Height: 20-30 ft. (6-9 m) 30-40 ft. (9-12 m) over 40 ft. (12 m)
Spacing: 30-40 ft. (9-12 m)
Hardiness: USDA Zone 5a: to -28.8 °C (-20 °F) USDA Zone 5b: to -26.1 °C (-15 °F) USDA Zone 6a: to -23.3 °C (-10 °F) USDA Zone 6b: to -20.5 °C (-5 °F) USDA Zone 7a: to -17.7 °C (0 °F) USDA Zone 7b: to -14.9 °C (5 °F) USDA Zone 8a: to -12.2 °C (10 °F) USDA Zone 8b: to -9.4 °C (15 °F) USDA Zone 9a: to -6.6 °C (20 °F) USDA Zone 9b: to -3.8 °C (25 °F)
Sun Exposure: Light Shade
Bloom Color: Cream/Tan
Bloom Time: Mid Summer
Other details: This plant is attractive to bees, butterflies and/or birds Flowers are fragrant Drought-tolerant; suitable for xeriscaping Average Water Needs; Water regularly; do not overwater Self-sows freely; deadhead if you do not want volunteer seedlings next season
Soil pH requirements: 6.6 to 7.5 (neutral) 7.6 to 7.8 (mildly alkaline)
Patent Information: Non-patented
Propagation Methods: From seed; direct sow after last frost
On Jul 18, 2009, markdeutsch from Pass Christian, MS wrote:
I planted a foot- tall tree last year in native soil of pH 5.5. It is now 3 ft. tall and reasonably healthy. The leaves are a little pale, but should darken after better nutrition, and after the roots grow deeper.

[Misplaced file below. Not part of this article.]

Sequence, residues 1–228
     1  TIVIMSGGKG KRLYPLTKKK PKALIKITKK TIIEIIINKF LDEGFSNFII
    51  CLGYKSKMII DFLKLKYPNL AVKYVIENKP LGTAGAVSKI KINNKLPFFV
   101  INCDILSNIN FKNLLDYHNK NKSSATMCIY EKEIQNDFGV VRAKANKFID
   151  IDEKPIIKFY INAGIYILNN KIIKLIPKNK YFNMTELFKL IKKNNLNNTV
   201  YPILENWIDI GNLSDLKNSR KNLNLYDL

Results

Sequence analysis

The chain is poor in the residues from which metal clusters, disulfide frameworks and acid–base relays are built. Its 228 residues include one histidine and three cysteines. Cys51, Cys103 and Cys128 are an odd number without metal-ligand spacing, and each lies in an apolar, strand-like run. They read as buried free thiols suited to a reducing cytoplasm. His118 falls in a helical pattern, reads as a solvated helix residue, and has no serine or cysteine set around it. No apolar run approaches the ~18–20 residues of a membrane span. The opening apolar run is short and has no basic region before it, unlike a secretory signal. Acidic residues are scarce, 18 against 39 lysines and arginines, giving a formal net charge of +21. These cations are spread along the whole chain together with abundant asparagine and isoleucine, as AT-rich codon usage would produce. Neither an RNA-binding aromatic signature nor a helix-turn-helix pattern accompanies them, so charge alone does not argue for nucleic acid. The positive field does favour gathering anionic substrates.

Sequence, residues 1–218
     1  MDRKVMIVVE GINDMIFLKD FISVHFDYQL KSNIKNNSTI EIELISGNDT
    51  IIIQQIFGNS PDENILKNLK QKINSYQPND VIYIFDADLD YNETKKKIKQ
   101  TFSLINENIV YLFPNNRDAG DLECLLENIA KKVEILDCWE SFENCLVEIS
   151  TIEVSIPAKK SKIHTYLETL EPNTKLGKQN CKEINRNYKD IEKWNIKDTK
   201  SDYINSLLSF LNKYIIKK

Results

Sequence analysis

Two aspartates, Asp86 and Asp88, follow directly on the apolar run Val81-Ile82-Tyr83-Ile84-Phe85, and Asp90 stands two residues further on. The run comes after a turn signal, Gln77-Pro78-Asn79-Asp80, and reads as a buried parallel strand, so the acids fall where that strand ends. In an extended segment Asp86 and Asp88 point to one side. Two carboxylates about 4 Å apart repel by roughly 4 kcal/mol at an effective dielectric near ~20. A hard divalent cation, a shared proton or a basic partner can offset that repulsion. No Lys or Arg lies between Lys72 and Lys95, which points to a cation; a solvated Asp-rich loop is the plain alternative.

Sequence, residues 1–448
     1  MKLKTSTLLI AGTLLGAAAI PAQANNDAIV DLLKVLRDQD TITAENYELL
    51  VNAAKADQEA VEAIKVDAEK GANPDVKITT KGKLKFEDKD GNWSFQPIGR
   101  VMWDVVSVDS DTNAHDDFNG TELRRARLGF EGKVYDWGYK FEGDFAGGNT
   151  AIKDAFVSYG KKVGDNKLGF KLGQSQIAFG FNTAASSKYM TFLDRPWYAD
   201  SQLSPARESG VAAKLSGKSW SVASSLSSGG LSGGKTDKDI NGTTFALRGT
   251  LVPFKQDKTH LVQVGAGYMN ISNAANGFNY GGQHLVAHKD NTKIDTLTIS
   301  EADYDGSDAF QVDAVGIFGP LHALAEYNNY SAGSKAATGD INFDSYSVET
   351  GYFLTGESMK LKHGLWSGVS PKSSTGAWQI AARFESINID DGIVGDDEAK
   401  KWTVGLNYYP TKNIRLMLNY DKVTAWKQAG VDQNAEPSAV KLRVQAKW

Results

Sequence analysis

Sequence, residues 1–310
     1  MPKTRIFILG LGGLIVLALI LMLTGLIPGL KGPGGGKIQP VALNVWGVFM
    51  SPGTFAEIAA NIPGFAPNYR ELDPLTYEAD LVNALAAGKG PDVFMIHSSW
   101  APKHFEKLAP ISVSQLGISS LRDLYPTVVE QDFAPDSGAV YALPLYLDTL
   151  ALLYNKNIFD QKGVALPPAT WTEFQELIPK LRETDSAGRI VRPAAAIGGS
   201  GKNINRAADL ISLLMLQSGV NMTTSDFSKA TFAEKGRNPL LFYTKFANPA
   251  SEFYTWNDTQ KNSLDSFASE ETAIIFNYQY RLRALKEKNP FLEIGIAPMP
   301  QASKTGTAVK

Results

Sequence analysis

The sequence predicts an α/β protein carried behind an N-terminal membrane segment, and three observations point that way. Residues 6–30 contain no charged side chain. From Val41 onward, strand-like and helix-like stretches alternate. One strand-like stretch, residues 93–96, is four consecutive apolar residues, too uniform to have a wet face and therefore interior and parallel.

On Nov 13, 2005, Treeguy from Charleston, SC wrote:
I grew this plant in Florida and I am now growing as part of the inventory of my new Nursery in Columbia, SC. This lovely little tree has drawn rave reviews to people that see it. It has lovely bright green leaves that remind me of those of a Basswood(Linden) which sometimes in fall may turn a muted yellowish color. The bark is smooth on young trees and become very distinctive on older trees with alternanting ridges of light gray and dark gray. Grows fairly fast as a young plant. Should be a very good honey plant!
On Mar 28, 2005, nick89 from Tallahassee, FL (Zone 8b) wrote:
A small tree form Japan. I have not grown this species but might try sometime. According to Simon and Schuster's Guide to Trees the swollen twisted stalks that bear the tiny fruit are edible and said to taste vaguely like raisans.
On Nov 6, 2000, Chooch from Chatham-Kent, ON (Zone 6a) wrote:
USDA Z 5 - 9
Glossy, oval leaves; creamy, slightly showy, fragrant flowers in 3" clusters. Average dimensions at
maturity are 25' tall and 20' wide. "In leaf, form, and texture, the plant resembles the American
basswood...and, like the basswood, possesses a beauty that is rather striking" .
The tops of unestablished raisin trees may die back in the colder winters. They grow back during the
summer. The raisin tree is usually propagated by seed, or softwood or root cuttings.
This plant has been said to grow in the following regions: